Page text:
Motorola has today confirmed that they will not commit to regular, monthly security patches for their 2016 product line, which includes the Moto Z family and the Moto G4. They has stated that the device will receive these important updates but that "it's difficult to do this on a monthly basis" and "it is often most efficient for us to bundle security updates in a scheduled Maintenance Release (MR) or OS upgrade." In other words, if you buy a 2016 Motorola device, it will receive the monthly security updates, but likely not around and about the same time as Nexus, BlackBerry or even Samsung devices. Motorola may bundle security updates together, as it has been doing with the 2015 range of devices. For a company offering a stock-plus user interface, and one that in the past had released operating system updates in a timely fashion, this is not good news.
These monthly security patches are important because the company is striving to improve how responsive Android is to new security threats: 2015 was an important year for device security and we saw a number of high profile security issues, from iCloud being hacked and celebrity pictures being leaked, through to the Stagefright critical security vulnerability. Google's regular monthly patches will help keep devices patched up against these critical security vulnerabilities, which otherwise could theoretically exposure the device and ultimately the customer to a malware threat. As at the time of writing, the Android platform has yet to truly experience a widespread malware issues that Windows machines saw with various virus worms in the 1990s. For some security analysts, this is a problem waiting to happen. It is impossible to determine how severe the issue is until it happens, and for customers this is not a comfortable place to be.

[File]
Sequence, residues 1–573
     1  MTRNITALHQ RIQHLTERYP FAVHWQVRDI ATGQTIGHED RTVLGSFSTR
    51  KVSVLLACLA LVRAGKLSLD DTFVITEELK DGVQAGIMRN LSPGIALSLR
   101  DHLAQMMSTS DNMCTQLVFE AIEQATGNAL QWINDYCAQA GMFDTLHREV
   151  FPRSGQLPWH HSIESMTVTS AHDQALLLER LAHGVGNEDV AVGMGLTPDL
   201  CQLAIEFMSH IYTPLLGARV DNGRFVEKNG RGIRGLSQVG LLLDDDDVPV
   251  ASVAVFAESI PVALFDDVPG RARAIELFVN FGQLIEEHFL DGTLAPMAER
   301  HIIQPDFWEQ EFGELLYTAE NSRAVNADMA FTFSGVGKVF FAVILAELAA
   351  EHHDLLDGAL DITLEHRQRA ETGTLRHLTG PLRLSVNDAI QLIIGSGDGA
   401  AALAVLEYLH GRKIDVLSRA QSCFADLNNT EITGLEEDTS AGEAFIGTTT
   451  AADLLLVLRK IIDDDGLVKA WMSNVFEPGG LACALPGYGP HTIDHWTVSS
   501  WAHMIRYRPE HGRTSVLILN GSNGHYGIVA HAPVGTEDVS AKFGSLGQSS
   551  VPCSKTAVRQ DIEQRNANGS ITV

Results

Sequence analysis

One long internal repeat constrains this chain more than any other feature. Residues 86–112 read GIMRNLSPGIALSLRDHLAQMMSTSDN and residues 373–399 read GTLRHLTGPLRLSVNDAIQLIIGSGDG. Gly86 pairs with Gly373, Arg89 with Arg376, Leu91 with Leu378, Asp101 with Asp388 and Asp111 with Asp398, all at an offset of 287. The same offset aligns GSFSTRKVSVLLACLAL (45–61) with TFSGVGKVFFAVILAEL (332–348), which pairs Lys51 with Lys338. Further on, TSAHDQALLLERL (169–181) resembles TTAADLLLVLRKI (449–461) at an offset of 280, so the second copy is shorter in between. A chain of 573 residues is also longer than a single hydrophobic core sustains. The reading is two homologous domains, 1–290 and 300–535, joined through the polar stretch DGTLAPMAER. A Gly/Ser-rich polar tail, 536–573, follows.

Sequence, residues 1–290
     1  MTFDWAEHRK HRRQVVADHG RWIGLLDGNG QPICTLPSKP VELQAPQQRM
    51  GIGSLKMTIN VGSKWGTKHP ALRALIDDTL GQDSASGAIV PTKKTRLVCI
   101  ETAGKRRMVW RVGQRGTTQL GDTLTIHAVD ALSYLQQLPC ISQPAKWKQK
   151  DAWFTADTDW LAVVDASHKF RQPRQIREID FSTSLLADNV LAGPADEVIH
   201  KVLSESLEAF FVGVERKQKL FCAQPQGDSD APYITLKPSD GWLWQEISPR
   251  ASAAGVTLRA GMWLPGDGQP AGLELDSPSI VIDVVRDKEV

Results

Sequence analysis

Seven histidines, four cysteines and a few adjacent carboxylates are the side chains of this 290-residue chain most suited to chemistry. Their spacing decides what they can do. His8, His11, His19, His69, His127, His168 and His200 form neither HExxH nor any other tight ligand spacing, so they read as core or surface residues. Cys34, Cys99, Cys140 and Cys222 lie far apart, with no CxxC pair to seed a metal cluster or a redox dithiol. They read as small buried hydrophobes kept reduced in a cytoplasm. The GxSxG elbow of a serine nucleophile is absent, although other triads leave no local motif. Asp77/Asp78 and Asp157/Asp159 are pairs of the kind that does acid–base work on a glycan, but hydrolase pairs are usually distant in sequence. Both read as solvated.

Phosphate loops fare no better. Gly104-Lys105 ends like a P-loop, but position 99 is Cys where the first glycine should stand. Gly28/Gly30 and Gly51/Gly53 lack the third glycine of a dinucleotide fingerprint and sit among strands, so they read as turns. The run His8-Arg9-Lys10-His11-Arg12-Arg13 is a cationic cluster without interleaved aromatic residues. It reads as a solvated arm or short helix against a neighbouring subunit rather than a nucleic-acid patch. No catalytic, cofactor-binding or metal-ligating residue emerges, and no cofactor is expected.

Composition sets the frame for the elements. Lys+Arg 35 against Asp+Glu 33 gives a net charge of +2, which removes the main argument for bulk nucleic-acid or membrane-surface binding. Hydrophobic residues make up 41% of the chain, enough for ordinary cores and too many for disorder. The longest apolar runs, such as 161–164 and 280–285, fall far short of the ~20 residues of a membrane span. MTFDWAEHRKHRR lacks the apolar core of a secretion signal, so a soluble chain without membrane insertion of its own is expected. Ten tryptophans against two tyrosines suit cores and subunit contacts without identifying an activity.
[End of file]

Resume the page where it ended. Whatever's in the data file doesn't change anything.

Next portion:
Some manufacturers have openly supported the monthly security patches, such as BlackBerry, Samsung and LG, alongside the Nexus device line. Others, such as HTC, have said that it is unrealistic to provide updates so rapidly. This underpins one of Google's issues: the device manufacturers need to support their devices. It has encouraged manufacturers to support software updates even to the point of including the software version and date in About, Settings (something HTC removed). Perhaps the Android platform needs a blasterworm issue before customers – and device manufacturers – take software security patches seriously? Manufacturers are in a potentially difficult position: they may wish to support devices for longer, but this will have an impact on sales going forwards. Customers may not buy a device that is unsupported but might instead buy a new device. If we do not see a seismic security issue in the Android world, customers may need to vote by keeping their wallets and purses closed.